Smokeless sales were up 16.1%, driven by the ongoing roll-out of Stoker MST 1.2 oz cans, driving MST retail penetration, and by pricing in both chewing tobacco and MST.  Volume was up 10.9% and price accounted for 5.2%.  Gross profit for the segment fell from 50.9% to 50.2%, primarily due to the shift in mix from chewing tobacco to MST and introductory discounts associated with the MST expansion.  TPB gained share in both chewing tobacco and MST.   

 

Smoking products net sales were up 8.8%, with volume up 5.8% and price/mix adding 3.0%.  The quarter exhibited continued growth in MYO (make-your-own) cigar wraps and strong orders in cigarette papers.  Initial shipments of Zig-Zag cigars to Canada also helped.  Zig-Zag held share in cigarette papers and grew its share in cigar wraps.      

 

NewGen sales were only $3.1 million, down 34% year over year.  Volume was down 20.8% and price/mix contributed to a decline of 13.4%.  New products in the marketplace and the continued shift from convenience stores to vape and accessory shops drove the decline.

 

Management

The CEO, Larry Wexler, joined the company in 2003 and was elected COO in 2005 and CEO in 2009.  From 2005 to 2008, he rebuilt the infrastructure of the company.  When Larry took over, the company had $320 million of debt and $20 million in EBITDA.  He was able to increase EBITDA by $30 million simply by improving processes.  The company then did a comprehensive review to understand the best areas on which to focus.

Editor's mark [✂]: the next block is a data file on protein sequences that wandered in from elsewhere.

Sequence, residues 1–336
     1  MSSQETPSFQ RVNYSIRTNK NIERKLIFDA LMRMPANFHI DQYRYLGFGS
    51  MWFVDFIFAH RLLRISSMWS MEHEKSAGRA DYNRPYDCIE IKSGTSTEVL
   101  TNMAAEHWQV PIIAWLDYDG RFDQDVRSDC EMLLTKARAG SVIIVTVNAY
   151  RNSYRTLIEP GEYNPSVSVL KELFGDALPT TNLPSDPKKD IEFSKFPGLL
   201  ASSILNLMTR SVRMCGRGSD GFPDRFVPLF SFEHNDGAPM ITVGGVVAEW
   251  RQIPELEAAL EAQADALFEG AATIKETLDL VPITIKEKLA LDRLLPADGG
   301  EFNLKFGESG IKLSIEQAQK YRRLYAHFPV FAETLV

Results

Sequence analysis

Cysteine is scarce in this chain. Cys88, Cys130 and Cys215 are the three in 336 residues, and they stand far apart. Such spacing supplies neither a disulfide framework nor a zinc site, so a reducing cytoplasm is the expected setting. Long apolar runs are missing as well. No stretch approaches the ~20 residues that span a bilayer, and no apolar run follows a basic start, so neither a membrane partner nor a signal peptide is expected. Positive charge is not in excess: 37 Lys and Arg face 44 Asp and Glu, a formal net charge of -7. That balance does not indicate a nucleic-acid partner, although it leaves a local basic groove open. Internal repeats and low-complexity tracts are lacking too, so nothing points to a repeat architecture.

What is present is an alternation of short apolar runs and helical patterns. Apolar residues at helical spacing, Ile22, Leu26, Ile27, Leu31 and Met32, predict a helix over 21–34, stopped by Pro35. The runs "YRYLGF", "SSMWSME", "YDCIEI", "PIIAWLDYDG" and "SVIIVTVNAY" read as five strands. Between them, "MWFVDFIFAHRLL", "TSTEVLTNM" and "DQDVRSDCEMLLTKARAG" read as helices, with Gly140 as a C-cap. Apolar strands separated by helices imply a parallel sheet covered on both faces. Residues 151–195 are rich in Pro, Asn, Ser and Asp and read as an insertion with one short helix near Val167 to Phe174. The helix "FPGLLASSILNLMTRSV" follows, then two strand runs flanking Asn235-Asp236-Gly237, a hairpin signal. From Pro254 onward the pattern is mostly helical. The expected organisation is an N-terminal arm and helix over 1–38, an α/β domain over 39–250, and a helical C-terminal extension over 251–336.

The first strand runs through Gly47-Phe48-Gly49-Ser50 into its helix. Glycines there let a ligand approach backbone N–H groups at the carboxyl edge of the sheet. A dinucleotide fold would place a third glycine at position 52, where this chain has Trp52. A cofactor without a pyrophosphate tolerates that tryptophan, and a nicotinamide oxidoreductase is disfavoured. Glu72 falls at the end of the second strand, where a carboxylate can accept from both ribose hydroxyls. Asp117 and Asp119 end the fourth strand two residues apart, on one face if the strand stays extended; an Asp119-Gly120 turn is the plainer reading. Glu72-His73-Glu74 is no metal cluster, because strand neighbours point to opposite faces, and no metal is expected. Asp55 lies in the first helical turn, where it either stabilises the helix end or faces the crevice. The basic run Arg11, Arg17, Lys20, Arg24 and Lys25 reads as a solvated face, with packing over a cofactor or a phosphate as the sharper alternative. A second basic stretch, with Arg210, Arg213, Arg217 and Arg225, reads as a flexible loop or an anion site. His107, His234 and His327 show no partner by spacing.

Larry went to Yale and after Stanford business school worked at Altria for 20 years and was running strategy for them towards the end of his time there.  Larry has a respect for the capabilities of the large tobacco players.  Larry played a key role in the strategy group when Altria executed “Marlboro Friday.”  Marlboro Friday is a popular business school case which mentions Larry by name.  As some of you remember, on April 3, 1993, Philip Morris USA announced plans to slash the retail price of its premium-priced Marlboro cigarettes by 20% in the U.S. for an unspecified amount of time.  In addition, PM USA also announced plans to freeze the list prices of all its premium brands and compete more aggressively in the discount segment.  When that happened, Philip Morris stock dropped by 23% in a single day, and the Dow dropped as many consumer names experienced double-digit declines in their share prices.  In any case, over the long run it was a smart move for Philip Morris as it taught the discounters to behave in the market.  The point is that Larry is a very experienced tobacco executive who can maneuver thoughtfully in a market dominated by large players.   

 

The CFO, Mark Stegeman, also has solid experience having worked in the finance department of Brown-Forman as a VP and Assistant Treasurer.  He is willing to talk to investors and is a capable and smart CFO who understands capital allocation.  He is bringing more sophistication to the finance department.  He has a background in accounting and was VP/Treasurer of La-Z-Boy prior to working at Brown-Forman.